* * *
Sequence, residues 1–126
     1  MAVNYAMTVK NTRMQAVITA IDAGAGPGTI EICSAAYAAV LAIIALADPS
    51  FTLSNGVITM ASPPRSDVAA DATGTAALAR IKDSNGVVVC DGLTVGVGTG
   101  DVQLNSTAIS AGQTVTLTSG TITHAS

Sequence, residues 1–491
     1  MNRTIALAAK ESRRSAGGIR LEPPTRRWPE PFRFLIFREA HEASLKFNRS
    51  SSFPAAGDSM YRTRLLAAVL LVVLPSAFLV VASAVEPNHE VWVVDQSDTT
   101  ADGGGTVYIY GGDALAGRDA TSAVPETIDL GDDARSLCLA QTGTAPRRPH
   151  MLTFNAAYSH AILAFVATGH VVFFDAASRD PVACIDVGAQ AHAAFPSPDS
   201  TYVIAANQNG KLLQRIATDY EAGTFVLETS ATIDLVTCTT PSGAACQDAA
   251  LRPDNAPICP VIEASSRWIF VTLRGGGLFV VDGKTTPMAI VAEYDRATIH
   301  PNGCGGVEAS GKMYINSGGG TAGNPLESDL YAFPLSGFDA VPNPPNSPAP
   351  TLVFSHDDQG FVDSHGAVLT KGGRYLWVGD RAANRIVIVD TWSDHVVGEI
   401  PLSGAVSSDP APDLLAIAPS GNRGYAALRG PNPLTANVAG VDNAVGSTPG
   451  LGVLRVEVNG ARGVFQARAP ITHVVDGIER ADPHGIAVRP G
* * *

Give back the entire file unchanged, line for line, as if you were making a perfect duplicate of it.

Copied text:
Sequence, residues 1–126
     1  MAVNYAMTVK NTRMQAVITA IDAGAGPGTI EICSAAYAAV LAIIALADPS
    51  FTLSNGVITM ASPPRSDVAA DATGTAALAR IKDSNGVVVC DGLTVGVGTG
   101  DVQLNSTAIS AGQTVTLTSG TITHAS

Sequence, residues 1–491
     1  MNRTIALAAK ESRRSAGGIR LEPPTRRWPE PFRFLIFREA HEASLKFNRS
    51  SSFPAAGDSM YRTRLLAAVL LVVLPSAFLV VASAVEPNHE VWVVDQSDTT
   101  ADGGGTVYIY GGDALAGRDA TSAVPETIDL GDDARSLCLA QTGTAPRRPH
   151  MLTFNAAYSH AILAFVATGH VVFFDAASRD PVACIDVGAQ AHAAFPSPDS
   201  TYVIAANQNG KLLQRIATDY EAGTFVLETS ATIDLVTCTT PSGAACQDAA
   251  LRPDNAPICP VIEASSRWIF VTLRGGGLFV VDGKTTPMAI VAEYDRATIH
   301  PNGCGGVEAS GKMYINSGGG TAGNPLESDL YAFPLSGFDA VPNPPNSPAP
   351  TLVFSHDDQG FVDSHGAVLT KGGRYLWVGD RAANRIVIVD TWSDHVVGEI
   401  PLSGAVSSDP APDLLAIAPS GNRGYAALRG PNPLTANVAG VDNAVGSTPG
   451  LGVLRVEVNG ARGVFQARAP ITHVVDGIER ADPHGIAVRP G